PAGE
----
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DCL PIPE and OPEN questions?

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The Question is:

How can I get the version of the C-compiler into a symbol in a DCL
commandprocedure without explicit use of an intermediate (temporary) file? I
have tried
$ pipe cc/ver | read sys$pipe a
$ pipe cc/ver | read sys$pipe a | b==a
without success. If not possible (maybe because of underlying different
command levels) is there a way to have a new temporary file assigned without
explicitly having to name it?
Another question. How can I get the expanded file spec. of a file opened by
DCL OPEN/WRITE in order to be sure to delete only that file version after
having closed the file (A command like close/delete which rms does support
would have solved this problem

The Answer is :

  You have correctly surmised that the problem here is that symbols
  defined in the PIPE subprocesses are not propagated back into the
  parent process.  There is no way around that.  However, there is a
  logical name table shared by all processes in the same job tree:
  the job logical name table LNM$JOB.  Passing values back via the
  logical name table is thus feasible:
  Also note that the ampersand symbol substitution is required, as the
  more traditional apostrophe substitution pass performed by DCL has
  been completed prior to the execution of the PIPE command component.
  DCL attempts to substitute the symbol value when the command is first
  entered, rather than after it has been set by the READ command. If you
  really need to get the value into a symbol, you can add further commands
  after ";". You may also want to clean up, so the complete command is:
    	(READ SYS$PIPE ver ; DEFINE/JOB/NOLOG ver &ver ) ; -
        ver=F$TRNLNM("ver") ; DEASSIGN/JOB ver
  at the end of which you'll have a symbol "ver" set to the version
  string returned by the CC command. The same technique can, of course,
  be used to convert any single line output command (or indeed the first
  line of output from any command) into a symbol.
  The JOB logical name table size is limited by the process JTQUOTA.
  Your second question -- please, one question to a posting -- is more
  of a problem. There is no documented means for determining the file
  specification of a Process Permanent File (PPF) as created with the
  OPEN/WRITE command.
  Looking at the problem itself, there are obviously ways to deal with
  the issue of potential clashes of file names. Since you are deleting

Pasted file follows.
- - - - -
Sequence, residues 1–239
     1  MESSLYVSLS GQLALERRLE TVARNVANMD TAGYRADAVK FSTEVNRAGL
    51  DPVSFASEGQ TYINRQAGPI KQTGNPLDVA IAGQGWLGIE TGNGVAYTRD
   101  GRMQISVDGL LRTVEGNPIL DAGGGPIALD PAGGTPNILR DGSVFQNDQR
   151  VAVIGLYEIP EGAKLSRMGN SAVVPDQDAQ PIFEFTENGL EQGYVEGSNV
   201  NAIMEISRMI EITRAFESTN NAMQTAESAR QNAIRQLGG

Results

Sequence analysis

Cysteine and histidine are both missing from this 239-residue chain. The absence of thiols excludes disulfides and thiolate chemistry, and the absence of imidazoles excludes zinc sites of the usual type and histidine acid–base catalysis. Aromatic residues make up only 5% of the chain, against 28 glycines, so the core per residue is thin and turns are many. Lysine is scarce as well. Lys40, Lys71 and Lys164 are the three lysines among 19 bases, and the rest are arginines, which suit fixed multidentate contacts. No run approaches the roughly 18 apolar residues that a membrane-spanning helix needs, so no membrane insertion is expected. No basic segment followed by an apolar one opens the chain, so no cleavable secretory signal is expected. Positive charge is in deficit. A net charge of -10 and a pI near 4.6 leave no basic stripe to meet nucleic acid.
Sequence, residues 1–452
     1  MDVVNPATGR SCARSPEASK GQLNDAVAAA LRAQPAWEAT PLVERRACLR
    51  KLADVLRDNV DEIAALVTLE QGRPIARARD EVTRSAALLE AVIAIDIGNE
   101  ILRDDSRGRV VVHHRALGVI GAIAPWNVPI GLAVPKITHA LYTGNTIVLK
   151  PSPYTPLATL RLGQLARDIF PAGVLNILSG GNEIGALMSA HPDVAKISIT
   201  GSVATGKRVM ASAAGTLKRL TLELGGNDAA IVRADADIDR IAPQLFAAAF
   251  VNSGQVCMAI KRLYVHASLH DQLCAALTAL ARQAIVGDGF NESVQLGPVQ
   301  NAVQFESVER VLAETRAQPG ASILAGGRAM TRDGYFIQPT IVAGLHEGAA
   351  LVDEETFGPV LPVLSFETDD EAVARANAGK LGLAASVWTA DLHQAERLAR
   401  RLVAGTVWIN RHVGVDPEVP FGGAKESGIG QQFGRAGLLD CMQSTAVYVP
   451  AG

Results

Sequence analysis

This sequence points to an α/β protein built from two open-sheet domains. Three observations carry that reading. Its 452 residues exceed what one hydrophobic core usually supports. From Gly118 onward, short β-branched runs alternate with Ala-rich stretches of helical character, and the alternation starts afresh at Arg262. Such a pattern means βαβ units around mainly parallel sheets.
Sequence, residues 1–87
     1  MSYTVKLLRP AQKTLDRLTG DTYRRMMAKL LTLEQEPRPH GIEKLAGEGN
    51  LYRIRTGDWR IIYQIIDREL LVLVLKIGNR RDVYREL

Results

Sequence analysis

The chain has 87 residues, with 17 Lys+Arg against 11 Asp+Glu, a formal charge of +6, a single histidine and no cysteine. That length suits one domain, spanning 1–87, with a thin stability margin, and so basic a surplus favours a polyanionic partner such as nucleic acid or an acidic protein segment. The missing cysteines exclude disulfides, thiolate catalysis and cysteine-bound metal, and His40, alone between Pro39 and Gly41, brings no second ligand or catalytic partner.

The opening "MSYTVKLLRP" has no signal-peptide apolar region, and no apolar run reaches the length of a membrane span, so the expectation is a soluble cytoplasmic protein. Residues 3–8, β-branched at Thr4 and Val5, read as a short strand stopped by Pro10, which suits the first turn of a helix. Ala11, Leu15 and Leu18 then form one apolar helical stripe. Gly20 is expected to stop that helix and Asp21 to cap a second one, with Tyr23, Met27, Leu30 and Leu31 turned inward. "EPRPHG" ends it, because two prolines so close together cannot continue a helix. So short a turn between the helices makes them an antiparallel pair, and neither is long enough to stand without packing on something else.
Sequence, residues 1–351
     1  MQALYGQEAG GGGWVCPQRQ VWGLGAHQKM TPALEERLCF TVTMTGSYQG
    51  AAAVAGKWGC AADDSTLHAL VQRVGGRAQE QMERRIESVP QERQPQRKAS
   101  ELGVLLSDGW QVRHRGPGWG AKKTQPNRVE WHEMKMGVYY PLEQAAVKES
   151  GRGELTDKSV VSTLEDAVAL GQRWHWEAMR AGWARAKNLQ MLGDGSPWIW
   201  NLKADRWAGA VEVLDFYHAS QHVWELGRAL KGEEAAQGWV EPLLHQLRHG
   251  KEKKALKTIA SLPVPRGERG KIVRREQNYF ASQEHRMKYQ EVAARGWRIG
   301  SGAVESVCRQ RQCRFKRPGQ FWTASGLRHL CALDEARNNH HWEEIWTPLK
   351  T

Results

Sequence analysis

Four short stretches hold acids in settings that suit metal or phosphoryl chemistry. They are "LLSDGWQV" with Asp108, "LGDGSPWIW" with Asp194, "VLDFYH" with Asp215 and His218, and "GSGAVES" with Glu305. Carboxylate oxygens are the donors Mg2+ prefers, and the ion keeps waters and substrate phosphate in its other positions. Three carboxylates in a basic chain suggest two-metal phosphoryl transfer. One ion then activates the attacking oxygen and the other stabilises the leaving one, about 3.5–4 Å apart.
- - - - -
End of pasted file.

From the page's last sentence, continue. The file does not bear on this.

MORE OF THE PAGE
the file, you obviously don't really care what the filename is, and
  can therefore choose a name with a vanishingly small chance of a name
  clash.  The OpenVMS Wizard would thus suggest a combination of a
  prefix, the PID and some portion of a timestamp.  For example:
    $ FileName = "prefix$" +-
  Since an OpenVMS Alpha system can generate a prodigious number of
  file names in a hundredth a second (the resolution of DATETIME), the
  truly paranoid programmer will add a further field to ensure all file
  names are really unique. Just make sure all generating code uses the
  same global symbol:
    $ FileNum = FileNum + 1
    $ FileName = "prefix$" +-
        F$GETJPI("","PID") + f$fao("!8XL",FileNum) +-
  You can then use the f$parse lexical function to fill in the various
  other fields in the filename as required:
    $ FileNum = FileNum + 1
    $ FileName = "prefix$" +-
        F$GETJPI("","PID") + f$fao("!8XL",FileNum) +-
    $ TmpDataName = f$parse("SYS$SCRATCH:.TMP",FileName)
  With a filename that is almost certainly unique, how to make sure that
  you have the correct version number?  Rather than using OPEN/WRITE, use
  the CREATE command. For example:
    $ TmpDataName = f$parse("SYS$SCRATCH:.TMP",FileName)
    $ CREATE 'TmpDataName'
    $ FullFileSpec = F$SEARCH(TmpDataName)
    $ OPEN/APPEND TempFile 'FullFileSpec'
       application processing
    $ CLOSE TempFile
    $ DELETE 'FullFileSpec'
  There is obviously a timing window between the CREATE and the F$SEARCH, and
  it is possible that the file returned by F$SEARCH is not the one that was
  CREATEd.  However, once we have successfully OPENed the file, we can be
  guaranteed that the DELETE command will delete the one we wrote to.  This
  is a much tighter window than between the OPEN and CLOSE then DELETE in the
  simpler implementation.  In the case of the timing window being triggered
  by having two processes execute the code simultaneously -- use of the PID
  in the file specification will prevent this -- one of the OPENs will fail
  with a file sharing violation.
  As an aside, note that the method of using CREATE and OPEN/APPEND, rather
  than OPEN/WRITE also allows control over the type of file created and other
  properties like protection. For example, when creating files which will
  be shared with other operating systems, it is often better to create
  STREAM files, than the default VFC files. For example:
    $ CREATE/FDL=SYS$INPUT:/PROT=(W:RE) 'FullFileSpec'
    $ OPEN/APPEND out 'FullFileSpec'
  As mentioned, here is no direct means to back-translate a PPF to the
  file specification from within DCL.  Back-translations from within
  an application module are rather easier.  PPF channels can also be
  viewed via tools such as the SDA command SHOW PROCESS/CHANNEL.
  Another approach at this whole problem is rather more simplistic, simply
  retain the filename used for the OPEN for later use during the DELETE.
  The OpenVMS Wizard believes your suggestion for CLOSE/DELETE or
  CLOSE/DISPOSITION=(DELETE,PRINT,etc) is a good one, and the Wizard
  encourages you to contact your local Compaq Customer Support Centre
  directly, and formally request it.   You may also want to ask for a
  new or enhanced DCL lexical function that generates a unique string
  suitable for use as a filename.

answer written or last revised on ( 29-DEC-1999 )

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